Amazon makes it easier to lock down the cloud

Features in preview let companies use rules to keep apps locked down

If there's a common refrain in enterprise security these days, it's that nobody wants to become the next Sony, Experian, Scottrade, Target or Home Depot. Moving workloads to a public cloud service means that companies can leave some of the day-to-day work of securing their infrastructure to professionals who manage those services.

On Wednesday, Amazon announced the private preview of a pair of products that are designed to help companies keep the resources and workloads they have stored in the AWS cloud compliant with security policies. The first is called Amazon Inspector, and it's supposed to provide a comprehensive set of rules that costumers can automatically check their applications against. Those rules can include industry best practices, compliance standards and more.

Inspector helps companies make sure that they're not introducing new problems into their applications when they're quickly rolling out new features. Once a company has hooked Inspector up to a group of instances that make up an application, Amazon's service will run at a specified interval to make sure it's still in compliance with policies. If something is off, administrators will get a report from Inspector outlining the problems that it spotted.

Amazon hasn't announced pricing for the service, but it seems like a powerful tool for companies that want to make sure they're following the best practices for locking down applications.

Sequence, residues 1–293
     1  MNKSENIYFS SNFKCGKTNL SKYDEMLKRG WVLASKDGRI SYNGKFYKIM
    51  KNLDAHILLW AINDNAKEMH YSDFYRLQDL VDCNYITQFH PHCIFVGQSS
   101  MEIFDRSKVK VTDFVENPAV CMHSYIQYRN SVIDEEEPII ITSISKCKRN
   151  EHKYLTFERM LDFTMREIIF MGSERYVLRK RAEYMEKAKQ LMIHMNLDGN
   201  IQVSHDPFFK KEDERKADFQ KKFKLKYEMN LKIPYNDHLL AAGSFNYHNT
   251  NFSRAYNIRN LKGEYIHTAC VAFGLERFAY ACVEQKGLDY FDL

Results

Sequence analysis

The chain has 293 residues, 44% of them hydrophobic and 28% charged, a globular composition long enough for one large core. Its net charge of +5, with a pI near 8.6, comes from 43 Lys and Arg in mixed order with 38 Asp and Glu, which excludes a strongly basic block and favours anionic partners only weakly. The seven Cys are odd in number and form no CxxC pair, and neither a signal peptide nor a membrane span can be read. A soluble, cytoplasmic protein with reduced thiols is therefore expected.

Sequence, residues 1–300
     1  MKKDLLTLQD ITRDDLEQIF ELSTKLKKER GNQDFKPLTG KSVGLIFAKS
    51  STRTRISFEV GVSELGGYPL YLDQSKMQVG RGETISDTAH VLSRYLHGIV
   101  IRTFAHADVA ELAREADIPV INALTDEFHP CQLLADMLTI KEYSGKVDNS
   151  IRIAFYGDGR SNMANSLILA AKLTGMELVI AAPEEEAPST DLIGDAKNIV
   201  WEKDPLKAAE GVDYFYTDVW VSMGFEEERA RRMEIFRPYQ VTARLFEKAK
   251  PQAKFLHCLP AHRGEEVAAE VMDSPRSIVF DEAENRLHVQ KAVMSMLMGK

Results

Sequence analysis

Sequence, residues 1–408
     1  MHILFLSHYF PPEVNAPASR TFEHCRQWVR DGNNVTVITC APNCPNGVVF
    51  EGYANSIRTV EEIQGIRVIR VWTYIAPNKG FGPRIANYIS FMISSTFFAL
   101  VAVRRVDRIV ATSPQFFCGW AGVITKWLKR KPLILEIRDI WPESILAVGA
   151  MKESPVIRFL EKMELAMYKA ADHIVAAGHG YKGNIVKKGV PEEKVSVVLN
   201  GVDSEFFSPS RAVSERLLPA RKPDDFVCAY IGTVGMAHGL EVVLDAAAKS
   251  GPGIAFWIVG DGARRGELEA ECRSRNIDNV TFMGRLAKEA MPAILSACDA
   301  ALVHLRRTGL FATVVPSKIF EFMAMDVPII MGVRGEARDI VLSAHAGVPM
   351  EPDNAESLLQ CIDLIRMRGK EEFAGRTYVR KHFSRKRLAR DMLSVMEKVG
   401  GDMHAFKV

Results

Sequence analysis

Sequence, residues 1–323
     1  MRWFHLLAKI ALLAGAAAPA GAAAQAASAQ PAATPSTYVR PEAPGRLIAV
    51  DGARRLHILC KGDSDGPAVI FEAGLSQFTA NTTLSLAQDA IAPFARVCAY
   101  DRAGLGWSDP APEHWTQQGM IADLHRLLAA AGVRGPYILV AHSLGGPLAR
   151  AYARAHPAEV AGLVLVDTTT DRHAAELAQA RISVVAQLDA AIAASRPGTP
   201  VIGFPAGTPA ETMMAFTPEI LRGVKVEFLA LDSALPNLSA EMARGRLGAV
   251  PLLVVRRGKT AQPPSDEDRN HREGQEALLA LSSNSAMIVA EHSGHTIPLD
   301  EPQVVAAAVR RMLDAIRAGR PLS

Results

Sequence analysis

A new AWS Config Rules service lets companies set rules about how each of their instances must be configured, and apply certain policies if those rules aren't followed. For example, a company could say that all instances have to be spun up within a Virtual Private Cloud, and automatically terminate those that aren't. Or, in a less draconian case, they could automatically encrypt instances that were started unencrypted.

Amazon has a small collection of pre-built rules based on what customers most frequently request, and those companies that need a little something different can build their own custom rules in JavaScript using AWS Lambda functions. The service costs $2 per active rule per month, and each account gets 20,000 free evaluations per active rule per month. After that, companies will have to pay US $0.10 per thousand evaluations.

Those services, along with new features the company unveiled Wednesday that are focused on getting businesses onto its cloud, may draw even more customers to Amazon's public cloud.

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Blair Hanley Frank

IDG News Service
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